Ireland’s government has announced plans to invest €22 billion to transition the country to a low carbon and climate resilient society with nearly zero emissions by the middle of the century.
According to Ireland’s National Development Plan published last week, the funds will be used to reduce carbon emissions from transport, agriculture and the energy sector, as well as flood defences, reports UN Climate Change.
“While Ireland clearly faces a very significant task in reducing its greenhouse gas emissions, the current profile of which reflects the particular structure of our economy, action can be taken now to position Ireland to harness significant benefits from realising a low-carbon economy,” the report says.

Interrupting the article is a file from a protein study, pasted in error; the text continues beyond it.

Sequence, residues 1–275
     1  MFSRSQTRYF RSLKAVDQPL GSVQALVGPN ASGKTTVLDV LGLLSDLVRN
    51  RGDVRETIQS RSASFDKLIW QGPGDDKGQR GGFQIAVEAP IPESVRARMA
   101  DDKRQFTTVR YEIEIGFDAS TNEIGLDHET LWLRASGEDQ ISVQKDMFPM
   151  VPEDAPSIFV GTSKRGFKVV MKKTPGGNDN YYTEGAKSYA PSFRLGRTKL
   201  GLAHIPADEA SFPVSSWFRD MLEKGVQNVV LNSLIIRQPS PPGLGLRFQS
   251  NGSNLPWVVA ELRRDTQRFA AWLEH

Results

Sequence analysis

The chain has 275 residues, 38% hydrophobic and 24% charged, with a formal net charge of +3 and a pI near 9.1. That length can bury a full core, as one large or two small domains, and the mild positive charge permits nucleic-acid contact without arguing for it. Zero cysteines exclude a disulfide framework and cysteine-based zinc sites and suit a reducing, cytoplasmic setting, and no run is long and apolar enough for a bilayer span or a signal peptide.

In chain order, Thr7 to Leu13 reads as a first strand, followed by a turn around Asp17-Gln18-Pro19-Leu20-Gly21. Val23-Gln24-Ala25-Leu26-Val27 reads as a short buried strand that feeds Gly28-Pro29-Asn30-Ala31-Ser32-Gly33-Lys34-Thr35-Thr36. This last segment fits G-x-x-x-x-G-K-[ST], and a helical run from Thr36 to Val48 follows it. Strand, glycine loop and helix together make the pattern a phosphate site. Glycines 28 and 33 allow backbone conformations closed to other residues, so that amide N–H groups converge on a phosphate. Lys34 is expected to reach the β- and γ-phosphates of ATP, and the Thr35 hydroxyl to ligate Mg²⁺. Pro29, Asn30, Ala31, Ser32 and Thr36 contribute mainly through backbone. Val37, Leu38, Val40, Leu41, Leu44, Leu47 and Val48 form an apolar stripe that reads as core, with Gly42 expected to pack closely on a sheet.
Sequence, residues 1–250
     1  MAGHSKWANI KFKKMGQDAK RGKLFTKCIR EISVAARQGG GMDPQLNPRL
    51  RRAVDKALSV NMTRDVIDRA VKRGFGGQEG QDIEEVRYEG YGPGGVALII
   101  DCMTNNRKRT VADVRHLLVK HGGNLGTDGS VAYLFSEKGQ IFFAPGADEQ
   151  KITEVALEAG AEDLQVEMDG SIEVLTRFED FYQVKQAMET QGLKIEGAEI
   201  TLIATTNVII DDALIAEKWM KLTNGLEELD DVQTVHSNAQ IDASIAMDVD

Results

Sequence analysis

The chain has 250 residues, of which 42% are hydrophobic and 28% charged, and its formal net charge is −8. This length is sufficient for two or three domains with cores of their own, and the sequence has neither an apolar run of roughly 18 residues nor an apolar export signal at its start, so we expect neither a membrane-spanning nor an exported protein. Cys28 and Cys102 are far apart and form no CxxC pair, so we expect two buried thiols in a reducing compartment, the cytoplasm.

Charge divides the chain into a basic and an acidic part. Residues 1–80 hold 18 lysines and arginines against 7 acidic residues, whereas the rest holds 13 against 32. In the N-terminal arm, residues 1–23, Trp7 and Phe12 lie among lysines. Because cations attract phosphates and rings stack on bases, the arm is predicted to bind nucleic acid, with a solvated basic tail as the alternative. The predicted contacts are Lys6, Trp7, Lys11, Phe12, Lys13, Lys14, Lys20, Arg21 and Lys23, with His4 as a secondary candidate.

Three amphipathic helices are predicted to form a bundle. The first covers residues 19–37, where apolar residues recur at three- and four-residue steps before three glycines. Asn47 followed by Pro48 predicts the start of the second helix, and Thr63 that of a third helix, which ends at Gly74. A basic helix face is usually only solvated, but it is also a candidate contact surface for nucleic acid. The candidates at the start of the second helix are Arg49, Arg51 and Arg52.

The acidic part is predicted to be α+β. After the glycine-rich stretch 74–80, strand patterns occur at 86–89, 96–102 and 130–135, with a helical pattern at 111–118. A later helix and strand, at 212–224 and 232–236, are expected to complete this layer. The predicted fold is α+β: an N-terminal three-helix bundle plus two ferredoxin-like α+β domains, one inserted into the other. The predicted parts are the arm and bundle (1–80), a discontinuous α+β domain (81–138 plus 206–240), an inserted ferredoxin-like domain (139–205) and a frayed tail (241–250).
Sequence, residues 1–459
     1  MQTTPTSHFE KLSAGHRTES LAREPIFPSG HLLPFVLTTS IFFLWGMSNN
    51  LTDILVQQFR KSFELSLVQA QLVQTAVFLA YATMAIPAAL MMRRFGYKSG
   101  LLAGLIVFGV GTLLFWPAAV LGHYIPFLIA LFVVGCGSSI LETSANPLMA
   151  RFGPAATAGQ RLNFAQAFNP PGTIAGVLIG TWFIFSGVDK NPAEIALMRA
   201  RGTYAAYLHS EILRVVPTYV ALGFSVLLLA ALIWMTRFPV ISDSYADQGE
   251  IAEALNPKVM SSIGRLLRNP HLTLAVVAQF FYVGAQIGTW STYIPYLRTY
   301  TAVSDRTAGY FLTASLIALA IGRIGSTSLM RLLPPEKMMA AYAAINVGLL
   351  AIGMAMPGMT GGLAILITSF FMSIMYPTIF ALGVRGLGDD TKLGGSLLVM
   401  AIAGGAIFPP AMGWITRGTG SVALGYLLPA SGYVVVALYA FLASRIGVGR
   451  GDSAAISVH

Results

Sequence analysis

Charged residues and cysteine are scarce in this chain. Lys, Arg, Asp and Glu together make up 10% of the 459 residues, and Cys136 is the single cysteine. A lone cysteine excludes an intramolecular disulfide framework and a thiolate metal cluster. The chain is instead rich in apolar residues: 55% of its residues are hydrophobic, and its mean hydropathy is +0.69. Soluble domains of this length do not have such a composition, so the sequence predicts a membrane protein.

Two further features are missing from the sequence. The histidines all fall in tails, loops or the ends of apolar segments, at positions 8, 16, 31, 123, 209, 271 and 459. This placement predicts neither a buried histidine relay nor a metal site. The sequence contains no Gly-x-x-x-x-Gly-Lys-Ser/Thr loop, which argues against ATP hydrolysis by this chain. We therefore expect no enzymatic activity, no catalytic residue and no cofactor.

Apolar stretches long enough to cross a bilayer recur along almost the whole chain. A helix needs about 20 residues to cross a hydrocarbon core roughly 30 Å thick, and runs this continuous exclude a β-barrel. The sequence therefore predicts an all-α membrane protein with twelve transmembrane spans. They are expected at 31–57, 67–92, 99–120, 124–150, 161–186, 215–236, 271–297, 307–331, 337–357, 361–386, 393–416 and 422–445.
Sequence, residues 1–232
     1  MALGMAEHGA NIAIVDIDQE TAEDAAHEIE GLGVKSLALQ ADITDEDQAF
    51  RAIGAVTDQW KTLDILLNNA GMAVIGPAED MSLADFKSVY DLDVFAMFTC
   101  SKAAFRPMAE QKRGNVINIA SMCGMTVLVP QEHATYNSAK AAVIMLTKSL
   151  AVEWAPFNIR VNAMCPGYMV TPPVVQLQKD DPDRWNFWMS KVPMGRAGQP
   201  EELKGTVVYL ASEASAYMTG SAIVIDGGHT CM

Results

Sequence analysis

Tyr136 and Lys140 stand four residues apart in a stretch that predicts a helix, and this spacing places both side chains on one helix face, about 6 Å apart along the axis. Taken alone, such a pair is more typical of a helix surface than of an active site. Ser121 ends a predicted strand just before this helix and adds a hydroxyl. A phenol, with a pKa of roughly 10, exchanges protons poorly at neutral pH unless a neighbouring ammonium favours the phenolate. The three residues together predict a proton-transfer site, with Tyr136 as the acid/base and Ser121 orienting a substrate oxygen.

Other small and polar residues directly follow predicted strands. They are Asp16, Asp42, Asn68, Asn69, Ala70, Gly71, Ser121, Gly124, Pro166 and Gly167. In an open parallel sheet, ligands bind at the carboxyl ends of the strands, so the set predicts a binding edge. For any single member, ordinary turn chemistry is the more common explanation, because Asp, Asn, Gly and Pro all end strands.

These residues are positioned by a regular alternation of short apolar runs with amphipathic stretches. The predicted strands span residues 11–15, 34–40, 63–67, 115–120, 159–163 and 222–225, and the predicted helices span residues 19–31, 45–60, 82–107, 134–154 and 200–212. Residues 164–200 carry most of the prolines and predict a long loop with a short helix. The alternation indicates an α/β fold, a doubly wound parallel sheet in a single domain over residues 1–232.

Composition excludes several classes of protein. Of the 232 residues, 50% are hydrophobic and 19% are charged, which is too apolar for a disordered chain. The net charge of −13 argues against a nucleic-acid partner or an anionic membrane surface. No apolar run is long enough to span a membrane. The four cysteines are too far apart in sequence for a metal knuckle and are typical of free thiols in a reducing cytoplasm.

“These include, for example, the creation of sustainable green jobs, sustainable food production, deepening our energy security, and making the environment healthier.”
The plan also includes the creation of a new climate action fund with a promised initial investment of €100 million and an annual income of €50 million.
To help avoid the worst impacts of climate change, Ireland aims to reduce its greenhouse gas emissions by 80 to 95% by 2050 by phasing out the use of coal and peat burning over the next 12 years.
The country also plans to ban the purchase of diesel and petrol vehicles by 2030. Electric buses for public transport will be widely introduced beginning next year.
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